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Indiana Jones and the Lawsuit of Lucasfilm

Indiana Jones with "lawsuit" label
Credit: Disney Luscasfilm / Canva Editing

Indiana Jones and the Dial of Destiny (2023) has fallen short of expectations. The newest installment of the Indiana Jones film series, directed by James Mangold and starring Harrison Ford as the titular character, Phoebe Waller-Bridge as Helena Shaw, and Mads Mikkelsen as JĂĽrgen Voller, is one of the most expensive movies ever made. But the Walt Disney World Company and Lucasfilm hoped the fifth Indiana Jones film would pay off.

indiana jones and the dial of destiny 5 harrison ford box office loss pheobe waller-bridge helena shaw

Credit: Lucasfilm

RELATED: ‘Indiana Jones’ Opening Weekend Box Office Numbers Fall Short

Indiana Jones and The Box Office of Doom

However, the performance of Indiana Jones 5 at the box office has been lukewarm at best. In addition to receiving a poor response at its Cannes Film Festival premiere, it has failed to make much in theaters and may go down as one of the biggest flops of 2023.

phoebe waller-bridge indiana jones and the dial of destiny harrison ford pranks on set

Credit: Lucasfilm

But despite the disappointing ticket sales, the Indiana Jones franchise may have bigger problems than a floundering box office.

RELATED: The ‘Indiana Jones 5’ Set Was Full of Pranks

Lucasfilm Lawsuit

There is currently a lawsuit regarding props used by Harrison Ford in Indiana Jones and the Dial of Destiny (2023) and marketed by Lucasfilm.

In the lawsuit, Frost River, an American clothing company, claims that the Indiana Jones film featured their trademarked “Geologist Pack.” In fact, it is used by Harrison Ford’s Indiana Jones. At the same time, Lucasfilm had teamed up with the clothing company’s competitor (Filson) to promote a series of backpacks and other outdoor products. Frost River also claims that Disney/Lucasfilm removed all identifying marks on the bag in the movie, violating federal trademark law.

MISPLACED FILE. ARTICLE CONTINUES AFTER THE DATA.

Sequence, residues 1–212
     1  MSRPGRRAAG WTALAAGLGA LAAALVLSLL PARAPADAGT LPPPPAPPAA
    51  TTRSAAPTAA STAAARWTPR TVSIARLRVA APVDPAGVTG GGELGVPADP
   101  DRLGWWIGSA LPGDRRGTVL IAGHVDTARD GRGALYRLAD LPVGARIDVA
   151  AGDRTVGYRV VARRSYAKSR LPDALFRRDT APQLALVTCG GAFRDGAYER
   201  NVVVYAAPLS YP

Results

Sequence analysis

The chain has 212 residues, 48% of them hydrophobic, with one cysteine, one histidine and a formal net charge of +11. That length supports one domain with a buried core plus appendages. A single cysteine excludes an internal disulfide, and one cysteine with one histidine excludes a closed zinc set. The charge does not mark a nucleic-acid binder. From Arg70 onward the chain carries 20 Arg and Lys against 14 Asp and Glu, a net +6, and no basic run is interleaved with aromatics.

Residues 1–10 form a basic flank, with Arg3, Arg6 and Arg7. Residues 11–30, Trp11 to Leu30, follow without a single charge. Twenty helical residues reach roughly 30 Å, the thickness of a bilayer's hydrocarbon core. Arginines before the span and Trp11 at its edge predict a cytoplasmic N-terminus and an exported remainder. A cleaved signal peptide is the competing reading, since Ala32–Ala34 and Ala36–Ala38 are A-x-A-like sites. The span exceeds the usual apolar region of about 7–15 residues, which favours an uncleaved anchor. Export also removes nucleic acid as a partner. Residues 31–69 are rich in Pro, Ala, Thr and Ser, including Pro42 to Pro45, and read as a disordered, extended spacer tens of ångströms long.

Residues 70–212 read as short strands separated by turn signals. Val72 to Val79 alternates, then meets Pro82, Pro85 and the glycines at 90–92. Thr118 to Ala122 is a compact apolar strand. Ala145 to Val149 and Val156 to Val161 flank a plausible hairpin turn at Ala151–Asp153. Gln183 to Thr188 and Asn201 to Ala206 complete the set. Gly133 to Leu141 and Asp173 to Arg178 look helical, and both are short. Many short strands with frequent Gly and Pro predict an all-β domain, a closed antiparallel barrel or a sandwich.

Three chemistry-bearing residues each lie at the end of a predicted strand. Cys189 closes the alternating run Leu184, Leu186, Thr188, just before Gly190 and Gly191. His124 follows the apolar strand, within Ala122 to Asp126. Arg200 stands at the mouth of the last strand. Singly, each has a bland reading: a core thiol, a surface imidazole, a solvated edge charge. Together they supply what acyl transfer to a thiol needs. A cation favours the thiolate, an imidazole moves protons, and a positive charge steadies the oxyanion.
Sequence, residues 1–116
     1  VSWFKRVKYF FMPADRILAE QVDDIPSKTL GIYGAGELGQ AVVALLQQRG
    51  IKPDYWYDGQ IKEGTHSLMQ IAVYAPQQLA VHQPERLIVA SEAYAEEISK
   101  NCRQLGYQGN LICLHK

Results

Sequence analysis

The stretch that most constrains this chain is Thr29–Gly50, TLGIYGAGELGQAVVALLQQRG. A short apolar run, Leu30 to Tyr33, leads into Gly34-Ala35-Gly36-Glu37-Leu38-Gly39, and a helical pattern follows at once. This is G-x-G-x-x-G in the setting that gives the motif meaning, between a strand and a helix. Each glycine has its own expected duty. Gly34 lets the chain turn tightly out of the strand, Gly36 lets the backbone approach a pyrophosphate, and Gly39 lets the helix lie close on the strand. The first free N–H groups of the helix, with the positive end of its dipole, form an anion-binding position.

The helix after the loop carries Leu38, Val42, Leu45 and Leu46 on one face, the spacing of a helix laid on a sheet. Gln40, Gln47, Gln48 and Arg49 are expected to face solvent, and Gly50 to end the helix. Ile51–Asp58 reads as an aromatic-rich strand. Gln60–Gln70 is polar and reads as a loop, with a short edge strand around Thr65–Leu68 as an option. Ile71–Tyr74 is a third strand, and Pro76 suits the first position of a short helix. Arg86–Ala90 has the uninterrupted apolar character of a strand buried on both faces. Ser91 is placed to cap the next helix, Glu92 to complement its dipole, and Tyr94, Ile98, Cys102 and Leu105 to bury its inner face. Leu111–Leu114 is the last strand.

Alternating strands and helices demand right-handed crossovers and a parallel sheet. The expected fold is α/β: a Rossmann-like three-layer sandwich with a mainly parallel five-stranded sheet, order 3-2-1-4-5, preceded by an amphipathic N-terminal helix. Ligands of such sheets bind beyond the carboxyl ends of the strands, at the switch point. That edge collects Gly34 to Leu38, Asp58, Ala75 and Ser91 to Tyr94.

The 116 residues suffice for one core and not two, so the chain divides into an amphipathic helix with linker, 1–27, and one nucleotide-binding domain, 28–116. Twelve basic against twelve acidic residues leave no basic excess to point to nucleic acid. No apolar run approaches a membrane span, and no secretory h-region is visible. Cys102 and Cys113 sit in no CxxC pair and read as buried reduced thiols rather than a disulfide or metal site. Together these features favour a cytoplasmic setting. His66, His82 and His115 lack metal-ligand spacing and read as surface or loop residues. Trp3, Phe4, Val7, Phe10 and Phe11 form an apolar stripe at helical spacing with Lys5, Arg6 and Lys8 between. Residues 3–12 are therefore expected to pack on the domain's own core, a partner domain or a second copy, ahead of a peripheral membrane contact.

Frost River also claims that Lucasfilm and Filson teamed up to produce ads featuring the trademarked “Geologist Pack” and advertising it as a Filson product.

Phoebe Waller-Bridge Indiana Jones 5

Credit: LucasFilm

RELATED: Harrison Ford Says He’s Done Playing Indiana Jones

In other words, Disney/Lucasfilm is accused of showing a branded bag in the film, removing its trademarks, and then working with a third party retailer to sell a different bag, implying (intentionally or not) that the two items were the same.

Frost River Geologist pack from website on left, scene from movie on right.

Credit: Frost River / Lucasfilm

RELATED: Harrison Ford’s New ‘Indiana Jones’ Flick Cost the Famous Actor $40 Million

Devin McRae, a lawyer of Frost River, made the following statement:

“Lucasfilm and Filson produced a 60-second commercial prominently featuring video clips from the Indiana Jones 5 film intertwined with video clips of actors using Filson’s own products. Shockingly, one of the intertwined video clips was one from Indiana Jones 5 featuring Frost River’s Geologist Pack.”

This is not the first, and probably won’t be the last time, that a film studio has a lawsuit regarding trademarked props. However, it puts another thorn in the side of Disney – or nail in the coffin of Indiana Jones and the Dial of Destiny (2023).

indiana jones and the dial of destiny 5 harrison ford box office loss nazi evil flashback

Credit: Lucasfilm

RELATED: Supreme Court Rules Against Disney in Lawsuit Over $3 Billion Film Franchise

About Steven Wilk

Steven has a complicated relationship with Disney. As a child, he visited Walt Disney World every few years with his family. But he never understood why kids his age (and older) were so scared of Snow White or Alien Encounter. He is a former participant of the Disney College Program (left early…long story), and he also previously worked in Children’s publishing, where he adapted multiple Disney movies and TV shows. He has many controversial opinions about Disney…like having a positive view of Michael Eisner, believing Return of the Jedi is superior to The Empire Strikes Back, and that Toy Story Land and Galaxy’s Edge should have never been built (at least not at Hollywood Studios). Every year for the past two decades, Steven has visited either Walt Disney World, Disneyland, Aulani or went on a Disney Cruise. He’s happy to share any and all knowledge of the Disney destinations (and he likes using parenthesis a lot…as well as ellipses…)